 requiring medications, such as sedation, only to be
used where it is clinically necessary for the patient’s
treatment and care.
Psychiatrist reports
Persons on an authority or order charged with a
‘serious offence’ will be offered a free psychiatrist
eport.
A ‘serious offence’ is an indictable offence, other than
an offence that must be heard by a magistrate (e.g.
common assault).
A request for a report may also be made be a
nominated support person, lawyer, parent, guardian or
attorney.
Mental Health Court
The Mental Health Court’s jurisdiction primarily relates
to ‘serious offences’, which aligns with the criminal
jurisdiction.
A community category is established for forensic
orders, where treatment in the community is over 7
days.
A maximum 10-year non-revocation period for forensic
orders may be set by the Court for the most serious
offences, such as murder, manslaughter and rape.
The Court may recommend intervention programs for
persons on forensic orders, such as a drug and alcohol
program.
A less intensive form of order – a ‘treatment support
order’ – may be made by the Court. Under this order,
the Court and the Tribunal do not limit treatment in
the community.
The Court is assisted by ‘assistant clinicians’, who are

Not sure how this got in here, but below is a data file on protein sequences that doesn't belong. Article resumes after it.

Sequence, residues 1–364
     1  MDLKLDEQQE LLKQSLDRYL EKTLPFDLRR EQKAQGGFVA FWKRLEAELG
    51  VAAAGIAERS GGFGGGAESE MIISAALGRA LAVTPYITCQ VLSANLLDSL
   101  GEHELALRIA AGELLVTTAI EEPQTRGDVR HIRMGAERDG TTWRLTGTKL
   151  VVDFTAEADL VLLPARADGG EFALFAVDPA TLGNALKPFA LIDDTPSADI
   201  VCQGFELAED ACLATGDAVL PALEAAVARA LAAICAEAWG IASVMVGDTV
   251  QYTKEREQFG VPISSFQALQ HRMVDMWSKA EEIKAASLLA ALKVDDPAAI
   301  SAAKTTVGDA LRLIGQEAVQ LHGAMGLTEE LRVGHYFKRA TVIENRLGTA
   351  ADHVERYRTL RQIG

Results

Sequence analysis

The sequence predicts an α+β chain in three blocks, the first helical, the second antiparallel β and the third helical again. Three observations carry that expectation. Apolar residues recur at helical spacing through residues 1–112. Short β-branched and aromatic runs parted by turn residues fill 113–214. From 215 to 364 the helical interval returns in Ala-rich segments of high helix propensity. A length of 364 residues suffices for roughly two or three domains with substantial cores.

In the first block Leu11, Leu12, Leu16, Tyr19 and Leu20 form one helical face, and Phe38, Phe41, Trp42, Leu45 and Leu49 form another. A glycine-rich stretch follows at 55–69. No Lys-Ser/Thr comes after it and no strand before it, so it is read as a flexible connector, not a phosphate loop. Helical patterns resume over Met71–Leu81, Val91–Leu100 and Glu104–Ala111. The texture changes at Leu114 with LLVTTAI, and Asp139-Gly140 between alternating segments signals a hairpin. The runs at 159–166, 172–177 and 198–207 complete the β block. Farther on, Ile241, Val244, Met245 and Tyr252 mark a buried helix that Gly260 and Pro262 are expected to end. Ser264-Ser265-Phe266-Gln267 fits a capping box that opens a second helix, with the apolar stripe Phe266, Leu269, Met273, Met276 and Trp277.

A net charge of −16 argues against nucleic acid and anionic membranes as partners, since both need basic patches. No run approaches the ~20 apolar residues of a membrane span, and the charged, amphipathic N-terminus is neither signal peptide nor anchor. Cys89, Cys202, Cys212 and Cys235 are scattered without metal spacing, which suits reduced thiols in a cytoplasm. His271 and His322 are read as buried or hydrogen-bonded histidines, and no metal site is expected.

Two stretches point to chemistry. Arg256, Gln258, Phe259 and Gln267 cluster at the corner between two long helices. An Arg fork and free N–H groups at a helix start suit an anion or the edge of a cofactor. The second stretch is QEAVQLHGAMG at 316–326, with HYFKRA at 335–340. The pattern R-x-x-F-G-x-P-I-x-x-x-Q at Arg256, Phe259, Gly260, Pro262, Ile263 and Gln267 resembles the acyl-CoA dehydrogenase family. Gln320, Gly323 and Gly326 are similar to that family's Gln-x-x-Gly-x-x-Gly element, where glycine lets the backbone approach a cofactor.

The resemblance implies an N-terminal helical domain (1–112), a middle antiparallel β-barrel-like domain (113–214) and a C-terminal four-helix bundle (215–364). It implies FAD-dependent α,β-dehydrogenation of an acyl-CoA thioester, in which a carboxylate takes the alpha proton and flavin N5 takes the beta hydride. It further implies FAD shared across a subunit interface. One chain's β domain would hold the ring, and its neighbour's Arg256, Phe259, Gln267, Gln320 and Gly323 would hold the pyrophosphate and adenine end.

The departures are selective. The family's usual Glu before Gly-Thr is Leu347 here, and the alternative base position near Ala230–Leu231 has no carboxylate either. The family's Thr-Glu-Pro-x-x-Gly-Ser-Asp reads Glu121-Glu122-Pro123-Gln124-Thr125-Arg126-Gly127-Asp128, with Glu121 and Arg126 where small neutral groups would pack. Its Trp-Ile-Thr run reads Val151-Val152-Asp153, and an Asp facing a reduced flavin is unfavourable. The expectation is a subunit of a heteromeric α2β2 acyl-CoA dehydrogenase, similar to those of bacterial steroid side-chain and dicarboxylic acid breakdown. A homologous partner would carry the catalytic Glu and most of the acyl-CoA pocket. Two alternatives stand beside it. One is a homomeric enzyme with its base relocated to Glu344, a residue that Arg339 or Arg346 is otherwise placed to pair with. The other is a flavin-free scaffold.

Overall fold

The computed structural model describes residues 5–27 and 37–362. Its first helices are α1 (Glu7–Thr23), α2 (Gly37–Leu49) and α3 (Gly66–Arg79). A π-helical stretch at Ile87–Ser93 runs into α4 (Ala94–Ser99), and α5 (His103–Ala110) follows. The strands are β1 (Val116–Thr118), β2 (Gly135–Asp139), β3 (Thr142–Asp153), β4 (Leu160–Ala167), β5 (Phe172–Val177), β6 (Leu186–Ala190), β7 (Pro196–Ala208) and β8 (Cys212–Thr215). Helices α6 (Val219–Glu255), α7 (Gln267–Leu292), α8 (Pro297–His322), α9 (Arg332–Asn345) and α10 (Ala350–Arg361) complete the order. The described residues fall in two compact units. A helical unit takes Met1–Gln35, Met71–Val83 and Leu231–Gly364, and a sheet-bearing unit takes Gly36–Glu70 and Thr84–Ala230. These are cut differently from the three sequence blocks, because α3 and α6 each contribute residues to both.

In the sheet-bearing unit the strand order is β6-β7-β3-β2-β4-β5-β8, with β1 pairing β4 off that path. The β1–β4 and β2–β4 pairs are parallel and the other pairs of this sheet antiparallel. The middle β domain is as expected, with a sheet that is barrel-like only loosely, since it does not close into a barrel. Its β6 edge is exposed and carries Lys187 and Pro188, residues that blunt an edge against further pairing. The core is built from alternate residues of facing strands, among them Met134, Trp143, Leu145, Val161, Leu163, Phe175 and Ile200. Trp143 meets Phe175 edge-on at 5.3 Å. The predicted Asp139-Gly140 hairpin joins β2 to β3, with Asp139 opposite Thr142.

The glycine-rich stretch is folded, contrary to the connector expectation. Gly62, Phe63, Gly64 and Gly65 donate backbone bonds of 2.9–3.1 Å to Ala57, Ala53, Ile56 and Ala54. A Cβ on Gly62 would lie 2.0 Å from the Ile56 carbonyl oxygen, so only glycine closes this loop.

psychiatrists and persons with a background in the
care of persons with an intellectual disability.
The Court may be assisted by only one assisting
clinician where it is appropriate to do so.

- 3 -
Victims of unlawful acts
The Act includes principles in relation to victims of
unlawful acts, to guide persons responsible for
administering the Act.
Government agencies are permitted to exchange
information to enable the Queensland Health Victim
Answered Same Day May 25, 2024

Solution

Dilpreet answered on May 25 2024
5 Votes
Alcohol and Other Drug Assessment         2
ALCOHOL AND OTHER DRUG ASSESSMENT
Abstract
Disorder related with alcohol and abuse of other substances is one of the major issues being faced by the society. The individuals, who face such disorders are impacted mentally, physically, and emotionally. Therefore, it is vital to come up with assessment of alcohol abuse and abuse of other drugs to help individuals recover from such situations and to make society a better place to live in. Assessment in such situations helps to determine the causes behind such disorders. These causes can be mental health issues, trauma, depression, family situations, as well as peer influence. The presentation highlights the assessment tools, methodologies, and the implications it has on the health of the patients.
Alcohol and other drug assessment focuses on the primary cause of the drug or alcohol abuse. The causes identified can be mental health issues, trauma, depression, family problems, or peer influence. Furthermore, the methodologies adopted for assessment helps to determine the...